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Converging self-consistent field equations in quantum chemistry – recent achievements and remaining challenges

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  • Chemistry
  • Computer Science
  • Physics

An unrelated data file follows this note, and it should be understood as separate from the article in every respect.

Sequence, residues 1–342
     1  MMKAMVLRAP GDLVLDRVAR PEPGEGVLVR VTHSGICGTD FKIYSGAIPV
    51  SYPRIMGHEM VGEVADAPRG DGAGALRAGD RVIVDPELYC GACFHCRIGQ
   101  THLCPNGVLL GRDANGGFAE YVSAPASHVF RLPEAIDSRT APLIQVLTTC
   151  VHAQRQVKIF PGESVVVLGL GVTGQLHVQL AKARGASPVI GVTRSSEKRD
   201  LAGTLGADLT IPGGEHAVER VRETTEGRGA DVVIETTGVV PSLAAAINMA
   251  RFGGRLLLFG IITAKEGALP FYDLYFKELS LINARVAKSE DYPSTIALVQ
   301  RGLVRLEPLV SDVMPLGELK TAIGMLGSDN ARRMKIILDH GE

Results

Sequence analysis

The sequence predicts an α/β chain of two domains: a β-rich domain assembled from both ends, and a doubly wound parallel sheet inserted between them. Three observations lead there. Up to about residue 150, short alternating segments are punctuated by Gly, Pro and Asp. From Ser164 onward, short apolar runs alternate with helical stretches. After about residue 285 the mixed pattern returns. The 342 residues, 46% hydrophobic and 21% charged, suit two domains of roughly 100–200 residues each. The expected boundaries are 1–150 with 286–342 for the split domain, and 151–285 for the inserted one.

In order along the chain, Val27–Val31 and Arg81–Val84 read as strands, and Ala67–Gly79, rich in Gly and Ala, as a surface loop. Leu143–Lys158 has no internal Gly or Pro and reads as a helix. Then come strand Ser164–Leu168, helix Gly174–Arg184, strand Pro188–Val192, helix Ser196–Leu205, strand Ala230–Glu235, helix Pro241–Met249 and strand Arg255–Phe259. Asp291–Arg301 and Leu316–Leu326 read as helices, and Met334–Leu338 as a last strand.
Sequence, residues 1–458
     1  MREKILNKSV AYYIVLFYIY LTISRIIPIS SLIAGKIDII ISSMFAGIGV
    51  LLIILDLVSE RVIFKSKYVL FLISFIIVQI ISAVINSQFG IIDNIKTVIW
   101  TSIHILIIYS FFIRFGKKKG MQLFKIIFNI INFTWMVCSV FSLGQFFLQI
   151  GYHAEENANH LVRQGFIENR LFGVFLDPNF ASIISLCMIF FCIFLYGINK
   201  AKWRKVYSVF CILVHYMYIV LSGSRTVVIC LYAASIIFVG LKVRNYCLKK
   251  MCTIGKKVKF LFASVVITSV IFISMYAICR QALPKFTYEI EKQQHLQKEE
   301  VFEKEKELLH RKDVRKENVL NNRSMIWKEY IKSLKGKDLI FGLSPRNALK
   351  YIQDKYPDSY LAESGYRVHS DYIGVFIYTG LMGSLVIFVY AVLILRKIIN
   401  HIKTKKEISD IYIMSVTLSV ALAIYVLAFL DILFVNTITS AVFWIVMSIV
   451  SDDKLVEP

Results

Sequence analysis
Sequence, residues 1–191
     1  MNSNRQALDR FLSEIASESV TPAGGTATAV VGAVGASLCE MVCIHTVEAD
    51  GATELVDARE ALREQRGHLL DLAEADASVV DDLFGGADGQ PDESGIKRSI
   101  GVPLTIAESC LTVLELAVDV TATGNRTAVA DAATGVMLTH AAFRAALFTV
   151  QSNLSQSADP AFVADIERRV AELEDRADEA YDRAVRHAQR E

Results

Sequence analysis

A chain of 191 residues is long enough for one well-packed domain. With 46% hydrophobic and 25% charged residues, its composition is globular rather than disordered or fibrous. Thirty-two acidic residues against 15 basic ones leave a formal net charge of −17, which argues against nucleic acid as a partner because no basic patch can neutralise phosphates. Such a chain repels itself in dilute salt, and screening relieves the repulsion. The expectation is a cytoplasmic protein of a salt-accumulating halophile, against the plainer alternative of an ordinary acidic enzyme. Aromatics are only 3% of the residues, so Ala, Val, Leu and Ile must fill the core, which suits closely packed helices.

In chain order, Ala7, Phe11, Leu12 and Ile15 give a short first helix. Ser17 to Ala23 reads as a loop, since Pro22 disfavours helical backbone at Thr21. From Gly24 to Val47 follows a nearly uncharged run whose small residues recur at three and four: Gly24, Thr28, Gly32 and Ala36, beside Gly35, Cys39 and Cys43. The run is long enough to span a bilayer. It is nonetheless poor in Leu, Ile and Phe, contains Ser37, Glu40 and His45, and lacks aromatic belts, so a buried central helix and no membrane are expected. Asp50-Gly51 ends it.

m2an0596.dvi ESAIM: M2AN ESAIM: Mathematical Modelling and Numerical Analysis Vol. 41, No 2, 2007, pp. 281–296 DOI: 10.1051/m2an:2007022 CONVERGING SELF-CONSISTENT FIELD EQUATIONS IN QUANTUM CHEMISTRY – RECENT ACHIEVEMENTS AND REMAINING CHALLENGES ∗ Konstantin N. Kudin1 and Gustavo E. Scuseria2 Abstract. This paper reviews popular acceleration techniques to converge the non-linear self-consistent field equations appearing in quantum chemistry calculations with localized basis sets. The different methodologies, as well as their advantages and limitations are discussed within the same framework. Several illustrative examples of calculations are presented. This paper attempts to describe recent achievements and remaining challenges in this field. Mathematics Subject Classification. 35P30, 65B99, 65K10, 81-08. Received: October 10, 2005. 1. Introduction In the course of several decades of dedicated effort, quantum chemistry techniques have become highly accurate and quite accessible to non-experts. Many users of modern quantum chemistry programs usually lack expertise in the numerical approaches which the methods are based on, and would very much prefer to use these computational programs in a fully “black box” manner, while still expecting qualitatively good predictions. The Hartree-Fock (HF) method [15] or Density-Functional theory (DFT) [17,21] are among the least expensive yet still universally applicable and reliable approaches. These methods utilize orbitals or the density matrix as the basic variables. One of the most practical ways to solve the non-linear equations appearing in the HF or DFT method is to iterate some initial density (orbitals) until convergence, which means that a stationary point has been found and the input and output densities match [30]. This procedure is called the self-consistent field (SCF) iteration. Since in most cases the stationary point reached by the SCF iteration is actually a minimum, we will use these two terms inte

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